The publication of Lyrical Ballads represents a landmark moment for English poetry; it was unlike anything that had come before, and paved the way for everything that has come after. According to the theory that poetry resulted from the “spontaneous overflow” of emotions, as Wordsworth wrote in the preface, Wordsworth and Coleridge made it their task to write in the simple language of common people, telling concrete stories of their lives. According to this theory, poetry originated in “emotion recollected in a state of tranquility”; the poet then surrendered to the emotion, so that the tranquility dissolved, and the emotion remained in the poem. This explicit emphasis on feeling, simplicity, and the pleasure of beauty over rhetoric, ornament, and formality changed the course of English poetry, replacing the elaborate classical forms of Pope and Dryden with a new Romantic sensibility. Wordsworth’s most important legacy, besides his lovely, timeless poems, is his launching of the Romantic era, opening the gates for later writers such as John Keats, Percy Bysshe Shelley, and Lord Byron in England, and Emerson and Thoreau in America.
Following the success of Lyrical Ballads and his subsequent poem The Prelude, a massive autobiography in verse form, Wordsworth moved to the stately house at Rydal Mount where he lived, with Dorothy, his wife Mary, and his children, until his death in 1850. Wordsworth became the dominant force in English poetry while still quite a young man, and he lived to be quite old; his later years were marked by an increasing aristocratic temperament and a general alienation from the younger Romantics whose work he had inspired. Byron—the only important poet to become more popular than Wordsworth during Wordsworth’s lifetime—in particular saw him as a kind of sell-out, writing in his sardonic preface to Don Juan that the once-liberal Wordsworth had “turned out a Tory” at last. The last decades of Wordsworth’s life, however, were spent as Poet Laureate of England, and until his death he was widely considered the most important author in England.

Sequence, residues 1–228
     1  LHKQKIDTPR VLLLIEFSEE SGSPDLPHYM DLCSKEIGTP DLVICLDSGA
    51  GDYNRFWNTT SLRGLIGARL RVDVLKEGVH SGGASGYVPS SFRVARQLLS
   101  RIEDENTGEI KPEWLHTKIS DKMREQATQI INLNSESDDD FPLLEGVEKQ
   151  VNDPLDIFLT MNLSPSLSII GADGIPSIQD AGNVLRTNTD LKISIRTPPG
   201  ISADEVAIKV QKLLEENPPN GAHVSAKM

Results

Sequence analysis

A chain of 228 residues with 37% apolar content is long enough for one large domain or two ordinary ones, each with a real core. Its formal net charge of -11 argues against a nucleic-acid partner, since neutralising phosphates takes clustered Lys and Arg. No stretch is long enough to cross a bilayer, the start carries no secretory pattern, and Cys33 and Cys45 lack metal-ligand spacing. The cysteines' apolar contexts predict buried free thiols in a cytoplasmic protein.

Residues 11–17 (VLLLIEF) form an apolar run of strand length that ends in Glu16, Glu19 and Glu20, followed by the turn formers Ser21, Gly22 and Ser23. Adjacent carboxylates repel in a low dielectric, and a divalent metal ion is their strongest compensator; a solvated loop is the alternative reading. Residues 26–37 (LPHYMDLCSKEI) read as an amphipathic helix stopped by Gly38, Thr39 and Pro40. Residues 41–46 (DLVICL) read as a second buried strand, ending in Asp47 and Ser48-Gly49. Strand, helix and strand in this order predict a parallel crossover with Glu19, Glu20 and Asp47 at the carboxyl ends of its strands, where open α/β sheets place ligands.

The following lines are omitted here -
Nor heed nor see what things they be,
But from these create he can,
Forms more real than living man,
Nurslings of immortality!
This is the poem of nineteen lines.
the world is Too Much with Us , means the people of this world are engrossed in the futile pleasures of this material world.
late and soon _ all the time, throughout their entire life,
they earn and spend money over futile pleasures of this mortal world.
We lay waste our pow... Read more→
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…ON BASIS OF REFERENCE TO -‘Composed A Few Miles Above Tintern Abbey, on Revisiting The Banks of the Wye During A Tour July 13, 1798’.
The scene is in the narrow gorge of the river, Wye, somewhere between Tintern and Monmouth. Wordsworth had visited it in the summer 1793. In July, 1798, he again visited it with his sister, after five years of absence. Many reminiscences of the earlier visit were recalled. “The peaceful charm of the scene prompted him to retrospect of the long, debt which he owed to Nature;” and he reviewed t... Read more→
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Tintern Abbey Notes
He’s returning in 1798 after 5 years—in that time he’s left England, been moved by the French Revolution, fallen in love, married and been forced to leave and return. He no longer feels the same way about home. The sycamore tree—not native to England, also tough and adaptible.
The scene: Wye river valley, border between England and Wales (between home and a wilder, foreign place). It’s spring—the seasons like clothing, “clad” in green that erases human boundaries (seasons are human inventions... Read more→